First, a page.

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Posted on May 22, 2006 (5766) By Rabbi Pinchas Winston | Series: | Level:


G-d told Moshe in the Sinai Desert, in the Appointed Tent, on the first day of the second month, in the second year after leaving Egypt . . . (Bamidbar 1:1)

As we prepare for another holiday of Shavuos, it is important to keep the following in mind. What makes Kabbalos HaTorah meaningful, is the lack that was a result from the breaking of the first set of Tablets (Lucos), and having to live with a second, less holy set until Moshiach comes, and may it be quickly in our time.

Deserts are not the most appealing places to live, unless you are a scorpion, snake, or cactus. They seem to represent death, lacking so many of the elements upon which human life depends, and so many of the comforts human life prefers. And, for the most part, they are avoidable.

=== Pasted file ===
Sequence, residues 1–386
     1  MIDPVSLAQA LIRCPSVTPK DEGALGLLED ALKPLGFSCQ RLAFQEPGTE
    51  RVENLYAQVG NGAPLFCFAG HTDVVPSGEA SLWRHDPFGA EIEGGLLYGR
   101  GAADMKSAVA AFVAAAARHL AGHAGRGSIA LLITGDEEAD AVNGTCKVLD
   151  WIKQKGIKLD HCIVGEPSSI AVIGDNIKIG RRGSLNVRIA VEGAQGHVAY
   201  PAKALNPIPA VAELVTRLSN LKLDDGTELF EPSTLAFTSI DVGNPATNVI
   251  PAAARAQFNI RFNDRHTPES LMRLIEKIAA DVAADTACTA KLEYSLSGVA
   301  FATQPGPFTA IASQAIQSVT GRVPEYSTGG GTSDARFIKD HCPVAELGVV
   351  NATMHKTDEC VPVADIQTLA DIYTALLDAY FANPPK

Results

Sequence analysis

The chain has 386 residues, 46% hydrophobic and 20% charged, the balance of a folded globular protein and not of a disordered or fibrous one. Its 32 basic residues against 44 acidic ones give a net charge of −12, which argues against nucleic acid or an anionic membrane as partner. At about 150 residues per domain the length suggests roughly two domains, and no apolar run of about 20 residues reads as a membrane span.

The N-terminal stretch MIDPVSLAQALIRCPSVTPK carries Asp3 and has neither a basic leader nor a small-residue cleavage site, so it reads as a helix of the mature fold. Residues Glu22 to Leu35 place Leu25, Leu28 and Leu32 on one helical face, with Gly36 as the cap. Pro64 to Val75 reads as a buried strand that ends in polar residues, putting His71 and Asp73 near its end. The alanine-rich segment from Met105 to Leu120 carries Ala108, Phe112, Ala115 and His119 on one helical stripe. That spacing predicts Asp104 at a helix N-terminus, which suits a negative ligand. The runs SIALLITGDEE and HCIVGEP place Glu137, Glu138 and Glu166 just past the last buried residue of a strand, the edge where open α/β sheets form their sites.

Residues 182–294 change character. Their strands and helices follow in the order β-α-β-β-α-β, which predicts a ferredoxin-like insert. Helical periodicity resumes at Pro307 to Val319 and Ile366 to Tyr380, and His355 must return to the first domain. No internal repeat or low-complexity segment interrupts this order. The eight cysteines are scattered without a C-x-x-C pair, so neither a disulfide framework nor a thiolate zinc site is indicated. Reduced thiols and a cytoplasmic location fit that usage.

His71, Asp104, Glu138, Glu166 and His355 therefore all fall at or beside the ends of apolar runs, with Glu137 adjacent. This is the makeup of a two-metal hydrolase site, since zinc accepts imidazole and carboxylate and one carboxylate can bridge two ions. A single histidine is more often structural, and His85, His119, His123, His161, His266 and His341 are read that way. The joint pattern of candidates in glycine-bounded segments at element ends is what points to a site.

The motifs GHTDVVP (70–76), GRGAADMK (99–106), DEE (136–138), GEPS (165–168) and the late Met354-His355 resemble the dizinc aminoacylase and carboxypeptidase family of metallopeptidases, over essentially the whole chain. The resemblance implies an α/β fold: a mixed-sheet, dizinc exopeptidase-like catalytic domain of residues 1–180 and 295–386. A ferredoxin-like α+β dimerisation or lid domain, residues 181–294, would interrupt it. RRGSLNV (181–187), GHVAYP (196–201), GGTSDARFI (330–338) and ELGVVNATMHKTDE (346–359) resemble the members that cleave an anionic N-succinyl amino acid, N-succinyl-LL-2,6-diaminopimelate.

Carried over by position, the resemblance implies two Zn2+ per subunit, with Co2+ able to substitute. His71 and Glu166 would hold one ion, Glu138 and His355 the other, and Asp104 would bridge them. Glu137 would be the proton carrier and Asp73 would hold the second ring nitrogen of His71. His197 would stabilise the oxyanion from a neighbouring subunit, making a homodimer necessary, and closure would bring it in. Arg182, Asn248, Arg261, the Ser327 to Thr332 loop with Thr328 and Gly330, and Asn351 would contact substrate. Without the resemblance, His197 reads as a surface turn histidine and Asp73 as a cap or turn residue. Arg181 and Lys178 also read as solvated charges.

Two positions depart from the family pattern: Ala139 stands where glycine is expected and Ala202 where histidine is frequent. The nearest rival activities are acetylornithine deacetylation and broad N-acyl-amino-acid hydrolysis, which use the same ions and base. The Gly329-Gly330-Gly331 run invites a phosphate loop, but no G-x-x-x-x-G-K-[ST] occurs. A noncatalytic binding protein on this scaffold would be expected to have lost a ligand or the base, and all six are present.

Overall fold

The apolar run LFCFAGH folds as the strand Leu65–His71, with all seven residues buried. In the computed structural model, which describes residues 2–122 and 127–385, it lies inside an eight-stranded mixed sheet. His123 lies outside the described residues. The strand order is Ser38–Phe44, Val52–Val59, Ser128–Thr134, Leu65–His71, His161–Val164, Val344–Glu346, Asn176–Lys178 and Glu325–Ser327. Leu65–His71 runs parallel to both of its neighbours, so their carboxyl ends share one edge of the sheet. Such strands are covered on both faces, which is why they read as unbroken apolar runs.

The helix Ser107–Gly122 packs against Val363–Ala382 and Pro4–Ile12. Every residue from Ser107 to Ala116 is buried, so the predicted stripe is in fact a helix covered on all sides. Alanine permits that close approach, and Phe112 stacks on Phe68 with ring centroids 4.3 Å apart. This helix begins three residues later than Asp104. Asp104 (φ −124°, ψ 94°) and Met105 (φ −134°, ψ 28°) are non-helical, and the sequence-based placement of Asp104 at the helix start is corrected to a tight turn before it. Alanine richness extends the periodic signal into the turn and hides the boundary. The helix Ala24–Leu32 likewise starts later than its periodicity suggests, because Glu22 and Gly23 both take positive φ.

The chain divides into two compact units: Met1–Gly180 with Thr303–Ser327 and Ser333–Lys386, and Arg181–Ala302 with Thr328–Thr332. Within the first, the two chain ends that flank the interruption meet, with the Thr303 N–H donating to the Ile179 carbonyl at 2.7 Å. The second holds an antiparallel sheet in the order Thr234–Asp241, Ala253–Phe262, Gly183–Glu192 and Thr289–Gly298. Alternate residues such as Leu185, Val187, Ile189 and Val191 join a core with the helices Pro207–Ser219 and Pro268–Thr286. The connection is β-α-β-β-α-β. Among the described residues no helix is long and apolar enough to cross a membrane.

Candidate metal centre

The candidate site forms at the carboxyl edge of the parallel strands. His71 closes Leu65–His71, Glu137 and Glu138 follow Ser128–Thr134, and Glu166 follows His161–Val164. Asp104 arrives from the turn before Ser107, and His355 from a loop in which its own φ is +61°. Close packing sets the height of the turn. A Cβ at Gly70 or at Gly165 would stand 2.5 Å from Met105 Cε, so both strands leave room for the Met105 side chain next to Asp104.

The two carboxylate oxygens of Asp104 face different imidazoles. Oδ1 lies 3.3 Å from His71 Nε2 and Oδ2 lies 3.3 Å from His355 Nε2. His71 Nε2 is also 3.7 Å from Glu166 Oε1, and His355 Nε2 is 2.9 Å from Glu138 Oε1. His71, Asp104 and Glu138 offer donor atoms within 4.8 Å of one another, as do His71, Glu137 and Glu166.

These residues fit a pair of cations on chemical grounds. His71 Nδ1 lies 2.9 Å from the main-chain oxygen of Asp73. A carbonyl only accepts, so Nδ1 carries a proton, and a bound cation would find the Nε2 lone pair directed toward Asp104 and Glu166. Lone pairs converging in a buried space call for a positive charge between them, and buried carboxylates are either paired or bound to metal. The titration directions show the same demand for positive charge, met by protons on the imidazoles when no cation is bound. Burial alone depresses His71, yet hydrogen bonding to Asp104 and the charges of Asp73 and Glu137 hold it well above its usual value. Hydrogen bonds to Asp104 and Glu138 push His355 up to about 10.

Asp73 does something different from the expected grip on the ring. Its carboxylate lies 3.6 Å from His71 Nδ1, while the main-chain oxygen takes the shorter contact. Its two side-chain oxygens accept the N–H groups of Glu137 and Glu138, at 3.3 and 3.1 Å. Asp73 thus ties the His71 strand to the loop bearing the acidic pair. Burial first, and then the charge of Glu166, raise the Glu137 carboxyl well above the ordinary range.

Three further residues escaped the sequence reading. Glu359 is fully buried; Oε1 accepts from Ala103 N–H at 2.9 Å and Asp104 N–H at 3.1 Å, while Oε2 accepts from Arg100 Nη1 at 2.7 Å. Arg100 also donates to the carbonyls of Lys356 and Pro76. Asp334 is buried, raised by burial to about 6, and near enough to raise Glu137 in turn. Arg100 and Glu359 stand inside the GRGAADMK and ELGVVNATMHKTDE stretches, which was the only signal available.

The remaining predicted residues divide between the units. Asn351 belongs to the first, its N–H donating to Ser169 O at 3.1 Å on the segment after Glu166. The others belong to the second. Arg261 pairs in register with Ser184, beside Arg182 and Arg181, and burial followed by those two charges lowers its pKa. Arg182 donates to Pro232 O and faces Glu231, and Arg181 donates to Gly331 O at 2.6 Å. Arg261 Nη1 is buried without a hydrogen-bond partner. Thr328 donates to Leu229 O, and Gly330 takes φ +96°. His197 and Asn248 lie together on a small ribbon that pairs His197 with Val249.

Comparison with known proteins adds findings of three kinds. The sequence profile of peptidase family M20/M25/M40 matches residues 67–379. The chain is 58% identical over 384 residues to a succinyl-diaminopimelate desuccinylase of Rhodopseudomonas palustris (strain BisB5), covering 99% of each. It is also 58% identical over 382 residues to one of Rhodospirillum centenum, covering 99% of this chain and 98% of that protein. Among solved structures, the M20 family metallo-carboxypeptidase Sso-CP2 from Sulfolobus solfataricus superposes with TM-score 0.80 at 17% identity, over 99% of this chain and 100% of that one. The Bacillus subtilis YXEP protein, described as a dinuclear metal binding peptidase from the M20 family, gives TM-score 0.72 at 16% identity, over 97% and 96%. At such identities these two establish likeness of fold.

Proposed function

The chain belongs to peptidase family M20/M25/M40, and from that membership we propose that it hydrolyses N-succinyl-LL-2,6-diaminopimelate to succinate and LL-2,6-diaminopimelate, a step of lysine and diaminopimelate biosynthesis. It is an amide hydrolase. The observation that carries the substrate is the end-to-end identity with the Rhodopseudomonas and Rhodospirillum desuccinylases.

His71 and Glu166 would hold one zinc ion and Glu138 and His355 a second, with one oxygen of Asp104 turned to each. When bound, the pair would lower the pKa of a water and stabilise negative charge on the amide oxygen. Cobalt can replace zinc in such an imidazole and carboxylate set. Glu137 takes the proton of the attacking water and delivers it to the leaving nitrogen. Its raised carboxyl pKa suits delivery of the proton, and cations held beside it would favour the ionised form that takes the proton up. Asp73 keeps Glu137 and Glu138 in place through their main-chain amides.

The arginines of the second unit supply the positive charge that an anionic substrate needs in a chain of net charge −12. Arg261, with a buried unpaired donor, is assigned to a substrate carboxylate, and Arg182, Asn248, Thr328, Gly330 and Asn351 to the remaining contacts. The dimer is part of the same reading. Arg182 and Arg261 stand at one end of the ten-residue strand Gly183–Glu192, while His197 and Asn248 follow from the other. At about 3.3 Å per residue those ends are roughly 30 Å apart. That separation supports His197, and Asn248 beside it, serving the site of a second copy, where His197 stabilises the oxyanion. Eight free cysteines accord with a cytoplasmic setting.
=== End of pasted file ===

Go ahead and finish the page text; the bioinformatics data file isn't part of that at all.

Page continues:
As to why deserts exist, it is just the way the world is. Some places are fertile, while others are arid. Some places have lush vegetation, others are barren wastelands. Each have their own kind of beauty, but few travel agents are usually booked solid on excursions to sand dunes in the middle of no man’s land, which is one of the reasons why the desert was not so appealing to the Jews fleeing Egyptian slavery.

However, from a Kabbalistic point of view, everything in the physical world is really just a reflection of something in the spiritual world. Every mountain, tree, and stream has its own angel, rooting for it in Heaven, acting as its spiritual pipeline to provide the necessarily Divine sustenance to survive. Thus, a desert is the way it is because of the angel responsible for it, which just happens to be one of the deadliest around: